Evolution of The Sims

In Feb 2000, Maxis released the first version of The Sims.  Thirteen years, 3 base games and almost 50 expansions later, we are now welcoming the announcement of The Sims 4.


So, what can we expect?

Looking back over the history of the franchise, each new version has built upon the capabilities of the previous one and made huge jumps graphically.

The original Sims game offered a mix of 3D and 2D graphics.  While the Sims themselves were [what we then considered] 3D, the objects and the world they lived in were 2d sprites.  Your Sim, without outside intervention, was either a child or an adult, no in between and no aging.


Skin tones and body sizes were tied to the hairstyle and clothes and initially, the Sims lived in isolation unless friends came to visit, although later packs introduced community lots in sub hoods.


The Sims 2

The Sims 2 boosted the graphics to a fully 3D world.  You could follow your Sim from the cradle to the grave, as it introduced aging, and community lots were now part of the world. Improvements to CAS meant that the Sim’s skin tone and size was now fixed, and clothes and hairstyles could be changed without impacting these.


And, although is was still not possible to wander around the neighbourhood, Sims could eventually see their neighbours, making the world look more populated.  Each lot was still it’s own save game without impact on the others, meaning that your Sim’s great granddaughter could bring home the same Sims from school as previous generations.



The Sims 3


The Sims 3 opened the world up, meaning that the neighbourhood story would progress around you – other Sims would grow up, get jobs, marry and move on.  Instead of a loading screen between lots, or your Sim vanishing for a few hours to school or work, you can walk round the town with them.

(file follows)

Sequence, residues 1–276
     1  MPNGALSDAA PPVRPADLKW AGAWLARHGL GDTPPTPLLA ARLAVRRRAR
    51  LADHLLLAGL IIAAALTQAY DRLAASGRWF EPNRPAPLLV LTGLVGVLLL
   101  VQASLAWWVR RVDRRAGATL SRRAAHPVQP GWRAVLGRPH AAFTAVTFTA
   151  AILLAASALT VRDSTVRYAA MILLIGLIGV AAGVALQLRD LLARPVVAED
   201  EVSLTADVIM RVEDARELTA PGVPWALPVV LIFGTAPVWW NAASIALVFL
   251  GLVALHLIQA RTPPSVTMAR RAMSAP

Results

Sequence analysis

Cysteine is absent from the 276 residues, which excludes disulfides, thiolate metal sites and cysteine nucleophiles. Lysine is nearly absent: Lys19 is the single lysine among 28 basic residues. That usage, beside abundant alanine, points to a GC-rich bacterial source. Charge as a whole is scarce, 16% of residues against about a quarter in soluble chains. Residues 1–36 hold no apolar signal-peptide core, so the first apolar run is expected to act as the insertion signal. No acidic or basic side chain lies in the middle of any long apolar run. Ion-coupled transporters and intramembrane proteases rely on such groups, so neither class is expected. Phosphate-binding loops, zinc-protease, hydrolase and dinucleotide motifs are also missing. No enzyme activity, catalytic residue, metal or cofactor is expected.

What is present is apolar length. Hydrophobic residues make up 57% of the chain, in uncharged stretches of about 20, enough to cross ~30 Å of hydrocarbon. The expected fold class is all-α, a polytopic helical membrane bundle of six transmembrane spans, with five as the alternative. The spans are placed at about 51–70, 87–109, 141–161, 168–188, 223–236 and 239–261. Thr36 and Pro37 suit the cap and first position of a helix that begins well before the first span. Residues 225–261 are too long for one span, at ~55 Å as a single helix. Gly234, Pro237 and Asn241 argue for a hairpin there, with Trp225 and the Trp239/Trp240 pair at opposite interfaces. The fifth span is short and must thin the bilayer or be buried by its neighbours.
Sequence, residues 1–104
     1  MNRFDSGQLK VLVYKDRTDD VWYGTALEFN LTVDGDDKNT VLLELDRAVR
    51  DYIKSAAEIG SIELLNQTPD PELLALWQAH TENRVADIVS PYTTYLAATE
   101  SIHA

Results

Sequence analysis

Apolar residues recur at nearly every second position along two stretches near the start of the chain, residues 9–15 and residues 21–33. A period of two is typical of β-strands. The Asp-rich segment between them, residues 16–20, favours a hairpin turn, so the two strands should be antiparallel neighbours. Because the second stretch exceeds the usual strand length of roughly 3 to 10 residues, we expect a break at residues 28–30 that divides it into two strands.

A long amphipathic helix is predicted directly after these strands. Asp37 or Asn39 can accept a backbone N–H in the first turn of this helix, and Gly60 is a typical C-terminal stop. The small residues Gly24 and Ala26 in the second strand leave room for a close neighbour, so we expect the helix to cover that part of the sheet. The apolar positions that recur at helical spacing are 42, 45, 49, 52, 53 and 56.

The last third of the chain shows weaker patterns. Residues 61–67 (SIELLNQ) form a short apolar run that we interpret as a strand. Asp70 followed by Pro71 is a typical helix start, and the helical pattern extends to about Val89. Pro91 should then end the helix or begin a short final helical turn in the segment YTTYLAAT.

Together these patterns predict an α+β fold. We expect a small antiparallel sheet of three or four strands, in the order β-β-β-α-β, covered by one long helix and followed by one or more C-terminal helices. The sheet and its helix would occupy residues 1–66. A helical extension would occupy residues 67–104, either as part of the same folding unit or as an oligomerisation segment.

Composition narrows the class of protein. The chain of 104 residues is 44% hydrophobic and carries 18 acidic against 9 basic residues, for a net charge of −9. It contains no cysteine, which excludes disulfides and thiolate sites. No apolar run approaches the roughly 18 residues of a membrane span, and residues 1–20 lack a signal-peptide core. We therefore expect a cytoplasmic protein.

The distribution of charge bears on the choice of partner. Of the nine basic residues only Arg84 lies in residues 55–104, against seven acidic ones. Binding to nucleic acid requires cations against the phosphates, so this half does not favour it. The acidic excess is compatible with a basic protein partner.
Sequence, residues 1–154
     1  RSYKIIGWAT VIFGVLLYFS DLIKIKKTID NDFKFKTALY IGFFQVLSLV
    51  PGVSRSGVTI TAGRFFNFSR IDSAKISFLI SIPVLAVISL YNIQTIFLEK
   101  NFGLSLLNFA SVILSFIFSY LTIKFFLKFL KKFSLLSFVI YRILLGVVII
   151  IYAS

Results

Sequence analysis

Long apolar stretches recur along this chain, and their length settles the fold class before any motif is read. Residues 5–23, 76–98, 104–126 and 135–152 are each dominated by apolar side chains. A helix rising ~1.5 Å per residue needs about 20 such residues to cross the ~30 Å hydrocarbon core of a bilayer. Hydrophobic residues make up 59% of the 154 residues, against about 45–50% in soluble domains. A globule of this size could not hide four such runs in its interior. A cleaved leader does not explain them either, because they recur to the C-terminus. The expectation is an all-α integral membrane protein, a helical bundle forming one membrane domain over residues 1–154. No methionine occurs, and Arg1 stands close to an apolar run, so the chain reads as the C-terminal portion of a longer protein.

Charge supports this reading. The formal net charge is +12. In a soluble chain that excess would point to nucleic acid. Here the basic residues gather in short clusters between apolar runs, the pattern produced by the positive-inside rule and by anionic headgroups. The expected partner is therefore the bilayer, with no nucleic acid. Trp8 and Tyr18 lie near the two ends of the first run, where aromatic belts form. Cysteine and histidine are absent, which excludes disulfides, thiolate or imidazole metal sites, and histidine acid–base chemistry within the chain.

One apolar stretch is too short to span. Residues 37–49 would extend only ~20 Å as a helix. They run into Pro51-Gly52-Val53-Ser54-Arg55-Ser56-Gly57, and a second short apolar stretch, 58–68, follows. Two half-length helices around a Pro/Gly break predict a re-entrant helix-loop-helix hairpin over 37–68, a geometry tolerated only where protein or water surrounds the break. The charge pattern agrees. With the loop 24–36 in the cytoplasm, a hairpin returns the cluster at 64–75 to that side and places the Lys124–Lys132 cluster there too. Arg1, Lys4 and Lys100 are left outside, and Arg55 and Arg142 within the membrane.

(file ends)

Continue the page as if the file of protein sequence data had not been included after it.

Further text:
Sunset Valley Seasons


CAS changes were more subtle, with sliders for skin tone and body sizes, rather than absolutes.  The Sims 3 also introduced color channels, where you could change one part of the clothes/hair/object yourself in the game without affecting any of the other channels, letting your creativity go wild.


One change that a lot of players felt was a step backwards, was the introduction of rabbit hole lots – where the Sim disappeared inside to carry out the actions with limited intervention from the player.


So, Sims 4?  Looking back, there are some obvious changes – from 1 to 2, we got aging, enriching your Sims’ lives, from 2 to 3 they opened the neighbourhood, allowing the story to flow alongside your Sim.  From 3 to 4?  Apparently still single player, offline game play, but promising to go back to the roots of the game – the Sims themselves, offering new ways to interact with other sims, and looking at their behaviours.  These guys are set to be the coolest sims ever!


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